Objective: The objective of this study was to evaluate the effect of the labeling of umbilical cord vein derived mesenchymal stem cells with superparamagnetic iron oxide nanoparticles coated with dextran and complexed to a non-viral transfector agent transfector poly-L-lysine. Methods: The labeling of mesenchymal stem cells was performed using the superparamagnetic iron oxide nanoparticles/dextran complexed and not complexed to poly-L-lysine. Superparamagnetic iron oxide nanoparticles/dextran was incubated with poly-L-lysine in an ultrasonic sonicator at 37 deg C for 10 minutes for complex formation superparamagnetic iron oxide nanoparticles/dextran/poly-L-lysine by electrostatic interaction. Then, the mesenchymal stem cells were incubated overnight with the complex superparamagnetic iron oxide nanoparticles/dextran/poly-L-lysine and superparamagnetic iron oxide nanoparticles/dextran. After the incubation period the mesenchymal stem cells were evaluated by internalization of the complex superparamagnetic iron oxide nanoparticles/dextran/polyL-lysine and superparamagnetic iron oxide nanoparticles/dextran by Prussian Blue stain. Cellular viability of labeled mesenchymal stem cells was evaluated by cellular proliferation assay using 5,6-carboxyfluorescein-succinimidyl ester method and apoptosis detection by Annexin V- Propidium Iodide assay. Results: mesenchymal stem cells labeled with superparamagnetic iron oxide nanoparticles/ dextran without poly-L-lysine not internalized efficiently the superparamagnetic iron oxide nanoparticles due to its low presence detected within cells. Mesenchymal stem cells labeled with the complex superparamagnetic iron oxide nanoparticles/dextran/polyL-lysine efficiently internalized the superparamagnetic iron oxide nanoparticles due to greater presence in the cells interior. The viability and apoptosis assays demonstrated that the mesenchymal stem cells labeled and not labeled respectively with the superparamagnetic iron oxide

  13. A flow cytometric method for characterization of circulating cell-derived microparticles in plasma

    DEFF Research Database (Denmark)

    Nielsen, Morten Hjuler; Beck-Nielsen, Henning; Andersen, Morten Nørgaard

    2014-01-01

    BACKGROUND AND AIM: Previous studies on circulating microparticles (MPs) indicate that the majority of MPs are of a size below the detection limit of most standard flow cytometers. The objective of the present study was to establish a method to analyze MP subpopulations above the threshold...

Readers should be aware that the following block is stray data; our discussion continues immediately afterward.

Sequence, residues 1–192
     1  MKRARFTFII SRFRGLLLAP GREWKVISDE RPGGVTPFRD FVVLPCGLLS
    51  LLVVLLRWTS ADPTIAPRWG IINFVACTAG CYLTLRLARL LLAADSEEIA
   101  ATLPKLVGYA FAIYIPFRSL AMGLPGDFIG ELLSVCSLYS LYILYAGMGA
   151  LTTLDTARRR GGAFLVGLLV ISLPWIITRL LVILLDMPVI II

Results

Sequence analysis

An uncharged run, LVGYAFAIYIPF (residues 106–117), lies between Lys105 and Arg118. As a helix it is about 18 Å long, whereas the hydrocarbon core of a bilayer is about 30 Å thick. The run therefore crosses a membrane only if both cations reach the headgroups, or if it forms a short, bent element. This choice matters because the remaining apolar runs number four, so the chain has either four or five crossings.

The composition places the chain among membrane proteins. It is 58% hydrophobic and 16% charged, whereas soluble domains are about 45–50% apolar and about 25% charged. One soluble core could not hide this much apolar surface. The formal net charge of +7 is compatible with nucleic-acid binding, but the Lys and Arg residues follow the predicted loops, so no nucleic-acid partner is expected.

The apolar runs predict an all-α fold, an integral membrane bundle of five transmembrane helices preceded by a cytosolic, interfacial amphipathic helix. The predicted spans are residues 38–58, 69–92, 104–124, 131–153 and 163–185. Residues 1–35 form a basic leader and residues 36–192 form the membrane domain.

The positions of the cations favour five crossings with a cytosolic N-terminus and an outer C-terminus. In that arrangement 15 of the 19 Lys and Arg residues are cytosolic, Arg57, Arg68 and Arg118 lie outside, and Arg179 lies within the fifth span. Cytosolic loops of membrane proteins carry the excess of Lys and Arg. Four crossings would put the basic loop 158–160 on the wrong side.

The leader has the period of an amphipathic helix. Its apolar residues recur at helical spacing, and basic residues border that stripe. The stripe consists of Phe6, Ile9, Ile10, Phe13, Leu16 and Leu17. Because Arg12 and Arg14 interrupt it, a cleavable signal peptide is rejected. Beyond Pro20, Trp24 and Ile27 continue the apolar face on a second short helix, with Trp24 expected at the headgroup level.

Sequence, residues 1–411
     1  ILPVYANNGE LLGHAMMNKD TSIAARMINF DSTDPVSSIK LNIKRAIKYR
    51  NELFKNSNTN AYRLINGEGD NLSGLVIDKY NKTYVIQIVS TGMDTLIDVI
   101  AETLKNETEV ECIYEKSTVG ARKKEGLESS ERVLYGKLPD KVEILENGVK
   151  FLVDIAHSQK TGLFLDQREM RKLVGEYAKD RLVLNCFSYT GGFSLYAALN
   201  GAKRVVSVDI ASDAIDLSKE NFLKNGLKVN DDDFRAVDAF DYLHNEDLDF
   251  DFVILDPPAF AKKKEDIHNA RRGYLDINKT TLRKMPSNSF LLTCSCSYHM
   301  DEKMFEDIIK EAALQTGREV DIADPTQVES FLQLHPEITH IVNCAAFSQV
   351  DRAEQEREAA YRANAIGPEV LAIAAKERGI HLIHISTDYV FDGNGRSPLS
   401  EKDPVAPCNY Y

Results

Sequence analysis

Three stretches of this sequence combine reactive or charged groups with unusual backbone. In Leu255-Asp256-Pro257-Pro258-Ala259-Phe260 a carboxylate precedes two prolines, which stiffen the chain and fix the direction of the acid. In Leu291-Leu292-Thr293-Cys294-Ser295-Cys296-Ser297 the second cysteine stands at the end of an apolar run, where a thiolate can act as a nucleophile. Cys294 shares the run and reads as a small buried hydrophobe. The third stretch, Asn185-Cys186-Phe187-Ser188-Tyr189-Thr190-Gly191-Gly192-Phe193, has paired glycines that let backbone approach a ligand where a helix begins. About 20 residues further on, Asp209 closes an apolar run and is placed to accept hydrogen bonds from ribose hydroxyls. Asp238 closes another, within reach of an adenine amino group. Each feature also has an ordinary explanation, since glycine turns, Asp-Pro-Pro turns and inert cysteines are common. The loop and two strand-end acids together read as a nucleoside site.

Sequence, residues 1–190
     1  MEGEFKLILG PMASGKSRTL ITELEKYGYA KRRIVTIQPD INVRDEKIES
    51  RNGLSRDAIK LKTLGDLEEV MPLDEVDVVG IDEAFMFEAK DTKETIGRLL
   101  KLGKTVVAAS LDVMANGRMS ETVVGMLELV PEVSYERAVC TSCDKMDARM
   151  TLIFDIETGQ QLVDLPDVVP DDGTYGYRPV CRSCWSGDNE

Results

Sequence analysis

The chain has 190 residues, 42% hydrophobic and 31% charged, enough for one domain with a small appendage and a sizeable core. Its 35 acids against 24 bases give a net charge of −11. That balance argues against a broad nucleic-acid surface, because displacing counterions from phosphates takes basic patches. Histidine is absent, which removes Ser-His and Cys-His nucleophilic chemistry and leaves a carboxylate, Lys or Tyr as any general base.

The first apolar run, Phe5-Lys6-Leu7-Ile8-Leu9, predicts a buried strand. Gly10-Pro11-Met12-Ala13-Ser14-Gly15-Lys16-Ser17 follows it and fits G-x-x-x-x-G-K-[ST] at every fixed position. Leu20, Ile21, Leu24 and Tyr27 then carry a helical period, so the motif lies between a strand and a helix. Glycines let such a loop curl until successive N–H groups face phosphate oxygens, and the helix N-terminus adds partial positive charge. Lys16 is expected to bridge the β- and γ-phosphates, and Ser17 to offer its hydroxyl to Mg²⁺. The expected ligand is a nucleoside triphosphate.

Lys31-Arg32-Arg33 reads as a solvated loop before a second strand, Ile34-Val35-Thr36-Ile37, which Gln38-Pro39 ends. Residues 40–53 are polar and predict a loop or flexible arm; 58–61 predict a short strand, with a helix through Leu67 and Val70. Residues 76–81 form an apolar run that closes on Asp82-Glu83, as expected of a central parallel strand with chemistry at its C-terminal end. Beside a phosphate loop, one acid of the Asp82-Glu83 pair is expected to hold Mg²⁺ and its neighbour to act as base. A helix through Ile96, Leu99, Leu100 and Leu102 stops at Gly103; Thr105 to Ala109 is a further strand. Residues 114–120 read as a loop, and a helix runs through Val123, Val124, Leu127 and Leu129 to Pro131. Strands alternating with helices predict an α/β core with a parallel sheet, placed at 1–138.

14. Theoretical analysis of ferromagnetic microparticles in streaming liquid under the influence of external magnetic forces

    International Nuclear Information System (INIS)

    Brandl, Martin; Mayer, Michael; Hartmann, Jens; Posnicek, Thomas; Fabian, Christian; Falkenhagen, Dieter

    2010-01-01

    The microsphere based detoxification system (MDS) is designed for high specific toxin removal in extracorporeal blood purification using functionalized microparticles. A thin wall hollow fiber membrane filter separates the microparticle-plasma suspension from the bloodstream. For patient safety, it is necessary to have a safety system to detect membrane ruptures that could lead to the release of microparticles into the bloodstream. A non-invasive optical detection system including a magnetic trap is developed to monitor the extracorporeal venous bloodstream for the presence of released microparticles. For detection, fluorescence-labeled ferromagnetic beads are suspended together with adsorbent particles in the MDS circuit. In case of a membrane rupture, the labeled particles would be released into the venous bloodstream and partly captured by the magnetic trap of the detector. A physical model based on fluidic, gravitational and magnetic forces was developed to simulate the motion and sedimentation of ferromagnetic particles in a magnetic trap. In detailed simulation runs, the concentrations of accumulated particles under different applied magnetic fields within the magnetic trap are shown. The simulation results are qualitatively compared with laboratory experiments and show excellent accordance. Additionally, the sensitivity of the particle detection system is proofed in a MDS laboratory experiment by simulation of a membrane rupture.

  15. Plasma Antenna Based on Superparamagnetic Nanoparticles

    Science.gov (United States)

    Papadopoulos, K.

    2017-12-01